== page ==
Grand Theft Auto = Elite



Before GTA went 3D, it was a highly-enjoyable and chaotic top-down anarchy simulator, which really was mostly about stealing cars. As you can see from the documents collected by one of its designers, Mike Dailly, the game was originally called Race n Chase, and was intended to be ‘Elite in a city’, according to DMA design director Gary Penn , with a lot of influence from Syndicate and Mercenary. It was intended for release on the Ultra 64 and Sega Saturn.

Outcast = Boiling Point



Outcast (not the band) is the 57th best PC game of all time. You controlled the protagonist, a former US Navy Seal Cutter Slade, as he explored the alien open world of Adelpha, using only the mouse. Your task was to find out who’d created the black hole threatening Earth and how to remove it.

“We had this idea for a 3D game set in a fictional South American country,” Outcast’s Art Director Franck Sauer told Joe Martin, “[Players] would infiltrate a drug cartel in first person to free abducted tourists from a local drug baron.”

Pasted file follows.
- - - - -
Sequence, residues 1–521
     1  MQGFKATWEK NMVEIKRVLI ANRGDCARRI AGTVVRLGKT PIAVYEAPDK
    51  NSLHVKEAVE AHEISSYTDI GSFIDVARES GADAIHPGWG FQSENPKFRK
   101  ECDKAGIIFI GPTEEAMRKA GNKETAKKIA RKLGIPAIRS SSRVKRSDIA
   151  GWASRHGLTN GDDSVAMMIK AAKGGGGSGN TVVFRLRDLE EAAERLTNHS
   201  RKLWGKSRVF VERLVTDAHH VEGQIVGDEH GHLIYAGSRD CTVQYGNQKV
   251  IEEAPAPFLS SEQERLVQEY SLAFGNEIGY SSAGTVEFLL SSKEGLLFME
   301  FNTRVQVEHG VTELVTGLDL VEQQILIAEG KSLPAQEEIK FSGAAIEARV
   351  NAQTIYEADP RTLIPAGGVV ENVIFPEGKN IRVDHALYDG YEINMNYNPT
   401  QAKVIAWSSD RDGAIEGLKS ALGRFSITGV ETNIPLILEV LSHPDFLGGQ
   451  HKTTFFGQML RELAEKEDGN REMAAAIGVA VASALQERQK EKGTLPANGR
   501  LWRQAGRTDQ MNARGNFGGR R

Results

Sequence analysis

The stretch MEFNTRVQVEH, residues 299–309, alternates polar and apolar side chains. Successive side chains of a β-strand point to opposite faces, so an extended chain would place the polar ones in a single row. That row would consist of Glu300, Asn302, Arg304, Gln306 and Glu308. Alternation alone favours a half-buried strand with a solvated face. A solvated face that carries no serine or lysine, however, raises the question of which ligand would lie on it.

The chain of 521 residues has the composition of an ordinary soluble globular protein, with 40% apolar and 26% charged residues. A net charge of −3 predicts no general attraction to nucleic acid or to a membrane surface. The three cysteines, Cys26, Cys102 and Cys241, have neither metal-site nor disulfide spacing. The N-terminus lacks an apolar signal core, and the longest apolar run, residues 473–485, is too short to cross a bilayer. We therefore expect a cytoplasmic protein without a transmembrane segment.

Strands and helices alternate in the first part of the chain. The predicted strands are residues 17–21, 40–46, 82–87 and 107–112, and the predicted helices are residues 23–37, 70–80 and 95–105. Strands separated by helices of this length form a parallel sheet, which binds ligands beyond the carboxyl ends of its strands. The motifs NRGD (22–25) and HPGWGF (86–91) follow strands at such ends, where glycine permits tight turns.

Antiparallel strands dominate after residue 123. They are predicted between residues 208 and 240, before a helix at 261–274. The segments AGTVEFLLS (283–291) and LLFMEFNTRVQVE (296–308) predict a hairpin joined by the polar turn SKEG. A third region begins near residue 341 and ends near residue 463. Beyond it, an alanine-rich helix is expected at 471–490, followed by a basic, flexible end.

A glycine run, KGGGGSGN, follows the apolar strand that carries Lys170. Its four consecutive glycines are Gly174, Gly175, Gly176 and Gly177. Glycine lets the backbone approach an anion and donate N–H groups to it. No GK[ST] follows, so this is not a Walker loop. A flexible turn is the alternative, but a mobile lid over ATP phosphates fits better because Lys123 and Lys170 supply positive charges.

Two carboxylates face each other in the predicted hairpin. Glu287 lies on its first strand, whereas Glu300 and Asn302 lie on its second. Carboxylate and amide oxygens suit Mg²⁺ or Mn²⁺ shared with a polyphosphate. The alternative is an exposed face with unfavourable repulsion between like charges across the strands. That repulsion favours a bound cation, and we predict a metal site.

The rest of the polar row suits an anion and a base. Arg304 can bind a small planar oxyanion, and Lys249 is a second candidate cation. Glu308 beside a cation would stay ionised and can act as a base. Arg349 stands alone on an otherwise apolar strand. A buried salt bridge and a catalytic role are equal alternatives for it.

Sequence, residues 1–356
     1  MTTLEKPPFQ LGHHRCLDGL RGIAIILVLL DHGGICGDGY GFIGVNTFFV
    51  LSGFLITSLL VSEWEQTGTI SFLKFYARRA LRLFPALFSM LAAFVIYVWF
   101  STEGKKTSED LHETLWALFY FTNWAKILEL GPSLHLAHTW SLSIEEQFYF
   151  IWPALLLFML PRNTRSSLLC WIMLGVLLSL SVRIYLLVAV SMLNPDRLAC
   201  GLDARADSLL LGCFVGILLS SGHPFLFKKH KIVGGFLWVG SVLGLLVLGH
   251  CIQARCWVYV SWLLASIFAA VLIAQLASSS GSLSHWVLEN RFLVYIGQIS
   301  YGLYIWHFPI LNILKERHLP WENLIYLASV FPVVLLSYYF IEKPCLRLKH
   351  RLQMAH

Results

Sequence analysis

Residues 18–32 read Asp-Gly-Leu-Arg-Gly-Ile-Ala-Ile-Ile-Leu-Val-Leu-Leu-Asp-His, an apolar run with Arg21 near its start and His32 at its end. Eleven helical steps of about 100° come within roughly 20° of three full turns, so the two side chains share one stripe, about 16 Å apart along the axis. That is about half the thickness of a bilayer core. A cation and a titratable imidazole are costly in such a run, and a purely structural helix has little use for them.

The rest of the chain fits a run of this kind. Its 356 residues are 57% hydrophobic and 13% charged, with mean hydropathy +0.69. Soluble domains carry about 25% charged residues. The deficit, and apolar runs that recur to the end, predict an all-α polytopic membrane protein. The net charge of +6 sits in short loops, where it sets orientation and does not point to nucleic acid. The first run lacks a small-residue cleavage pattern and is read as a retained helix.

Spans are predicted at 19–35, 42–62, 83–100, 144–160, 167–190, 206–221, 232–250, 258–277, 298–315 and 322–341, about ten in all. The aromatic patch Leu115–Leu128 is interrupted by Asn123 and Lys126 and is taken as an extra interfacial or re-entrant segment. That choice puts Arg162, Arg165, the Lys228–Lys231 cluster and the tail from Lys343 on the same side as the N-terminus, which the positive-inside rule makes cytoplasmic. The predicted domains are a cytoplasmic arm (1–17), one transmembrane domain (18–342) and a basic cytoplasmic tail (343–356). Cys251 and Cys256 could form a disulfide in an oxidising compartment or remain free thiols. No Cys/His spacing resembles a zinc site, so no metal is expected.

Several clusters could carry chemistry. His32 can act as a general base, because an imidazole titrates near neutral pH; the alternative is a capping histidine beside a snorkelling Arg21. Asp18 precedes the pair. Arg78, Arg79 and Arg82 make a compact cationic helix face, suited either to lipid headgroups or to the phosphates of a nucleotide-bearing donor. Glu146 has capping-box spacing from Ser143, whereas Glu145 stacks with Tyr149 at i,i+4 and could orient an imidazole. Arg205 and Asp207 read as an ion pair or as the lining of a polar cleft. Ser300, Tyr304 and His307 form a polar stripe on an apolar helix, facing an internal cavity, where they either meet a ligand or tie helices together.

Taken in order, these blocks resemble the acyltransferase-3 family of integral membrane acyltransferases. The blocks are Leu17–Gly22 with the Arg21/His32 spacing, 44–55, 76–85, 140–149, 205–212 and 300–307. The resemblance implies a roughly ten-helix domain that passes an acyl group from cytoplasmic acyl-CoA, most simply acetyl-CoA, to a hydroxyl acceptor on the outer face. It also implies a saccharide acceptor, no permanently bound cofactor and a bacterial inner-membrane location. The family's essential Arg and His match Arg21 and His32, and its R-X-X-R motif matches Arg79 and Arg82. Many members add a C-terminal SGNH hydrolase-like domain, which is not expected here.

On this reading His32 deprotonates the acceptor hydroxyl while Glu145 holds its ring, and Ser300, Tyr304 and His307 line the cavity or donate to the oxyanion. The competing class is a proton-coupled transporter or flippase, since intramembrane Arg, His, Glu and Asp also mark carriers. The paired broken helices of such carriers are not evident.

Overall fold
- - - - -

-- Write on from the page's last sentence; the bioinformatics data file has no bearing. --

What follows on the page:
Even Cutter himself wasn’t the first choice of hero. “”In the early version, Outcast featured a hero called Stan Blaskowitz, who had a bird-like helmet,” Sauer told Martin. “Eventually [Infogrames] decided the design was too odd and a new version was produced… their marketing department came up with the name Cutter Slade for the new main character.”

Shogun: Total War = Enslaved: Odyssey to the West

Shogun Total War Warlord Edition1


Everyone assumes that Shogun: Total War was copied off the very similar Shogun board game. Yet as Creative Assembly’s Mike Simpson told me, it was actually originally a cheap 2D C&C clone – and before that, it was meant to be a retelling of the Monkey God Chinese story, called Journey to the West:

Simpson said; “Originally, we were going to do a role-playing game based on Monkey, the TV series, in Singapore, as there were huge government tax breaks. But they turned out to not be quite as attractive as they looked on paper, so we stayed where we were and ended up not doing Monkey at all but ended up doing Shogun.”

“The main reason for that was that Command & Conquer had spawned a whole bunch of clones while we were working on our RPG, like Kill, Crush and Destroy, which sold really well. We looked at that and thought that’s so easy to write, we can really do that. So we set off with the intention of making a B-grade C&C clone.”

“As time went on, firstly the 3DFX card came out, which made 3D graphics possible on a PC in anything other than straight lines. Maybe instead of a traditional RTS top-down view, we can have a spline-based landscape, put the camera lower down and surprisingly that would work. It wasn’t designed to be Shogun right from the start; it kind of evolved into it.”

Half-Life 2 = Cryostasis

half life 2